Updated on 2022-11-21: Passkeys support directory
After it added support for passkeys in its password manager, 1Password has also created a web directory called Passkeys.directory listing all online services currently supporting passkey authentication. Read more: Passkeys & 1Password: The future of passwordless
Updated on 2022-10-27: : Ars on Passkeys
Ars Technica has an article explaining Passkeys, Microsoft, Apple and Google’s fledgling implementation of hardware-based secure logon. Passkeys promises to be both easier and more secure for users being resistant to phishing and credential stuffing attacks. We’ve celebrated the arrival of this standard before, but Ars examines how to practically use passkeys right now. Read more: Passkeys—Microsoft, Apple, and Google’s password killer—are finally here
Updated on 2022-10-26: PayPal to support passkeys
After announcements from all major browser vendors, PayPal said it would also add support for passkeys as a way to log into its service. Read more: PayPal Introduces More Secure Payments with Passkeys
“The new PayPal log in option will first be available to iPhone, iPad, or Mac users on PayPal.com and will expand to additional platforms as those platforms add support for passkeys.”
Updated on 2022-10-25: PayPal Adding Passkey Passwordless Login for Apple Devices
PayPal is introducing passkeys for passwordless account login on Apple devices running iOS 16, iPadOS 16.1 or macOS Ventura. PayPal plans to extend passkey availability as other platforms add support for the standard. Apple, Google, and Microsoft have said they plan to support passkeys by early next year.
- PayPal was one of the founding members of FIDO Alliance, will be good to see them urge their 200M+ users to move away from reusable passwords.
- At a bare minimum enable 2FA on your PayPal account. Better still, setup a PassKey, particularly if you’re using SMS for 2FA. If you’re wondering what FIDO authentication looks like to an end-user – here’s your opportunity.
- Keep in mind that webauthn is primarily a convenience feature, not a security measure. It aids security by making it easier to do the safe thing. Its widespread adoption by websites and their users may reduce use and leakage of passwords and their fraudulent reuse. From a security perspective, it substitutes beneficial use of a device, something one has and can use, for entry of a password. It resists the leaky browser problem as relates to credentials but use of browsers leaves users vulnerable to leakage of other data.
Read more in
- Passkeys—Microsoft, Apple, and Google’s password killer—are finally here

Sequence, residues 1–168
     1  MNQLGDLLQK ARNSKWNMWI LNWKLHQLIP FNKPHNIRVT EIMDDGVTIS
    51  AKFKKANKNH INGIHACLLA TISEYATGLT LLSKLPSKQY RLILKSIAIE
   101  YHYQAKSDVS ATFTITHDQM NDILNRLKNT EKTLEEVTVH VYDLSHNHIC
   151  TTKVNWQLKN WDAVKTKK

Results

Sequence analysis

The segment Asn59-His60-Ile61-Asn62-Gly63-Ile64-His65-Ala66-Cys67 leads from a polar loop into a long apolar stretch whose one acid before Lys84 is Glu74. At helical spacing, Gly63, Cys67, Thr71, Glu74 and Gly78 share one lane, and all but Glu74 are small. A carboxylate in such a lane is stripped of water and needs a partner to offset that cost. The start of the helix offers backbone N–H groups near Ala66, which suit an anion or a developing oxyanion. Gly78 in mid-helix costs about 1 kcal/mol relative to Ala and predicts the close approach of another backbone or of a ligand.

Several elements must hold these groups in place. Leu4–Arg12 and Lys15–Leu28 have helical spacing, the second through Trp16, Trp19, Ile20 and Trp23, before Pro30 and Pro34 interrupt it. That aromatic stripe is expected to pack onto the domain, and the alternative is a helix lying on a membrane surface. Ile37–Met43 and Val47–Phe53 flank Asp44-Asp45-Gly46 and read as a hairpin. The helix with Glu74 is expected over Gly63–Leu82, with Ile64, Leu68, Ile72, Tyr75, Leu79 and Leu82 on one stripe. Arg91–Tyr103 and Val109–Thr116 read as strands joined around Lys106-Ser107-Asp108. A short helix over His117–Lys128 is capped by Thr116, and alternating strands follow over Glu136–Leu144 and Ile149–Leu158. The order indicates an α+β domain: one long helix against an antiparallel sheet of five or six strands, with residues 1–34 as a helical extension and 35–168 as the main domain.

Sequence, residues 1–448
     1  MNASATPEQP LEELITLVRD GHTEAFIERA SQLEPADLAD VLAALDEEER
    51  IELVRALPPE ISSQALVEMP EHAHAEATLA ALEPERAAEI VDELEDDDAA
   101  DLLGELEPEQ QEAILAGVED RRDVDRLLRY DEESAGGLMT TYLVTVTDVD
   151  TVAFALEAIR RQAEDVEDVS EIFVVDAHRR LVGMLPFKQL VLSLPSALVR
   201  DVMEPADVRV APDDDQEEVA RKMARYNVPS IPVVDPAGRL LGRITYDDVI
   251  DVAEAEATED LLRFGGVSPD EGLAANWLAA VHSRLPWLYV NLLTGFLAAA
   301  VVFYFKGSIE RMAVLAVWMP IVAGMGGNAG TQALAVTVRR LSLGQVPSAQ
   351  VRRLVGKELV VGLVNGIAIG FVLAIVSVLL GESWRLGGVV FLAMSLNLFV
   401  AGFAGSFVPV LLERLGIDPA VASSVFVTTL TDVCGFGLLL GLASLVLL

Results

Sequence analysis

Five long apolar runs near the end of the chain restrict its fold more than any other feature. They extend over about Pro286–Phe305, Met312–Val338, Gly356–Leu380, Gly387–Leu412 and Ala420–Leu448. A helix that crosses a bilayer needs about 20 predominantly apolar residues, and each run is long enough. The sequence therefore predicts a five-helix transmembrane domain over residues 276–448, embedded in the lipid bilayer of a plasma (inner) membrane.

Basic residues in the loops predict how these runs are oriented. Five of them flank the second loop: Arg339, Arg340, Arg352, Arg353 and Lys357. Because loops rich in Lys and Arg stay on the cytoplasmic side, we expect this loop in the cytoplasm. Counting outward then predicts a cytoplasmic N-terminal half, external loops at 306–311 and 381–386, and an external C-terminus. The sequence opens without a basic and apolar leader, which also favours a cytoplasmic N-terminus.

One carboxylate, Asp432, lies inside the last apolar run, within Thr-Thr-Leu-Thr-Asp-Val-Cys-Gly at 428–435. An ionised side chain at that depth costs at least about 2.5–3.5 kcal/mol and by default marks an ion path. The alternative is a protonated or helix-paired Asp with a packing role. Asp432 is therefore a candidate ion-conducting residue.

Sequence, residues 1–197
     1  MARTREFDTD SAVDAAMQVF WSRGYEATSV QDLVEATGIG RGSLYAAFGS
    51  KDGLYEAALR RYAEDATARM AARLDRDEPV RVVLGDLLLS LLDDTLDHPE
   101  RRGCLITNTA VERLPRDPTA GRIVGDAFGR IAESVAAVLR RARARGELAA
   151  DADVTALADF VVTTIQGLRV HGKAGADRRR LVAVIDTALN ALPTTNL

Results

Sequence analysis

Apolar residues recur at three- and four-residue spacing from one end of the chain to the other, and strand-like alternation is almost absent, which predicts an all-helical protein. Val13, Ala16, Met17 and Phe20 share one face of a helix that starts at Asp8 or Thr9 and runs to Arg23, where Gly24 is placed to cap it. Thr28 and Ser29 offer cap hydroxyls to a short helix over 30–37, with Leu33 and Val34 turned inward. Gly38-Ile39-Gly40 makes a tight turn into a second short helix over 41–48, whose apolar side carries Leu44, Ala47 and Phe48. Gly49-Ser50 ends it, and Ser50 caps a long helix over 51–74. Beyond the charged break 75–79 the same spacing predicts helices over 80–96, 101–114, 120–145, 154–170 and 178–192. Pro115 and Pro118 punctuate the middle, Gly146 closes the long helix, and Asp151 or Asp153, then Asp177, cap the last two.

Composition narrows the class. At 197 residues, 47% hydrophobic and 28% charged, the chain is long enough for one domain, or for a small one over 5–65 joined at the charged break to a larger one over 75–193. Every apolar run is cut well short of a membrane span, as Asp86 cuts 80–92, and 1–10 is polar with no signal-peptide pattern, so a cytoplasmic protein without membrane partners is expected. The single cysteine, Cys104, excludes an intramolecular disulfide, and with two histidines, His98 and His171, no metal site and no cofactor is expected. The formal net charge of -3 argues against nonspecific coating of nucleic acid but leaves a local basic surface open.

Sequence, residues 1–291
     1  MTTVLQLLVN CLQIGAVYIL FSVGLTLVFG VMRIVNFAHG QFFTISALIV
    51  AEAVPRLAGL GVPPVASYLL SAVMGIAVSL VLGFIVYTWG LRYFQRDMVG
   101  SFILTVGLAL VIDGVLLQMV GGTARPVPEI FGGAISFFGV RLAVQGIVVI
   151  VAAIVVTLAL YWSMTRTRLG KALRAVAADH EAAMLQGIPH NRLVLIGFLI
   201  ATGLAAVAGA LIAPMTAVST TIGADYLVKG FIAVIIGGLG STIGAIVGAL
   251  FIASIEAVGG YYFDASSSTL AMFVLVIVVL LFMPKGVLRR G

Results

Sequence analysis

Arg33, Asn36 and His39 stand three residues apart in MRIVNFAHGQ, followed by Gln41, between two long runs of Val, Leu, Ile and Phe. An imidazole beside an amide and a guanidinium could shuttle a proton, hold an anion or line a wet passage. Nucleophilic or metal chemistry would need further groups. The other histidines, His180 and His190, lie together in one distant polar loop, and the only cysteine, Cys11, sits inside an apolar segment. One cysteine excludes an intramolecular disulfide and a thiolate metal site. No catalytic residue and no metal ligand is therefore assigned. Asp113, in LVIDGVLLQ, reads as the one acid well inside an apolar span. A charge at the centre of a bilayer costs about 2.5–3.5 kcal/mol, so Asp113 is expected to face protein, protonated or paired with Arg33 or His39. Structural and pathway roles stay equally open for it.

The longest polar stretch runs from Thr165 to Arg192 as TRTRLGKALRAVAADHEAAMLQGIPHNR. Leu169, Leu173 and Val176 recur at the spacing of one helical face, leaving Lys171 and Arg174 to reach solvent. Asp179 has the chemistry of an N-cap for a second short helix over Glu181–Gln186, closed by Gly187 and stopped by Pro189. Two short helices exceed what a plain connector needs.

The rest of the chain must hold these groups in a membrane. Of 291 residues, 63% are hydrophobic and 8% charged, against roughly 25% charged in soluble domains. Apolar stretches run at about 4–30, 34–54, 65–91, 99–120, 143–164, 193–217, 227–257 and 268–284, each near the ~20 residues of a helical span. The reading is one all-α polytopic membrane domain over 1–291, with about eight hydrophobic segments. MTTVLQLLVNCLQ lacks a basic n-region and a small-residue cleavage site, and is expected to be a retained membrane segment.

- PayPal ditches passwords, at least on Apple devices
- PayPal Introduces More Secure Payments with Passkeys
Updated on August 2022: 95% of iCloud users have 2FA
Actually some early good news here: Apple says 95% of iCloud users are protected with two-factor authentication. That news lands ahead of the wider rollout of Passkeys, which replace passwords with “digital keys” that are unique to your accounts and stay on your device, and authenticate using your face or fingerprint.
Updated on June 2022: iOS 16 lands with rapid security updates
MacRumors: The next version of iPhone software, iOS 16, comes with several new security features, including rapid security updates that can deliver fixes without having to download a full update. Also included is the new Passkeys feature that big tech giants announced a couple of weeks ago aimed at killing the password for good. Plus, a new safety check feature that can aid those in abusive relationships, which when activated can immediately reset an account and app access for all people at once.
Read more in
- Security Fixes Won’t Require Full iOS Update in iOS 16, Will Be Installed Automatically
- Apple Just Killed the Password—for Real This Time
- Apple, Google and Microsoft team up on passwordless logins
- The Safety Check feature in iOS 16 is intended to aid those in abusive relationships
Overview: Apple, Microsoft and Google Will Support Passwordless Authentication
Microsoft, Apple, and Google have announced that they will implement standards developed by the FIDO Alliance and World Wide Web Consortium (W3C) intended to eliminate passwords. The new standards will allow users to authenticate with PINs or biometric information.
- This is by far the most promising effort to solve the authentication challenge. In my opinion, the most important part of this standard is that it will not require users to buy a new device, but instead they may use devices they already own and know how to use as authenticators. If you haven’t done so yet: Look into what it will take to integrate these standards with your web application.
- Great to see but most previous attempts at getting standards to be agreed upon and implemented by these “big three’ have failed. I think this has a much better chance of success. Fewer passwords in use are better than more, but important to see the protocols and implementations thoroughly pounded on by researchers before any releases.
- Adoption of new stronger authentication technology can be hastened by it being easier and faster than the old technology. The new standards from FIDO and W3C being implemented in Office, Azure, iPhones, Chrome, Gmail, and iCloud are intended to do just that, enabling access to existing passkeys, allowing mobile devices to be used for authentication on a nearby computer. It’s time to see where these activities lie on your IDP or service provider’s roadmap to build a path forward towards passwordless authentication for your users.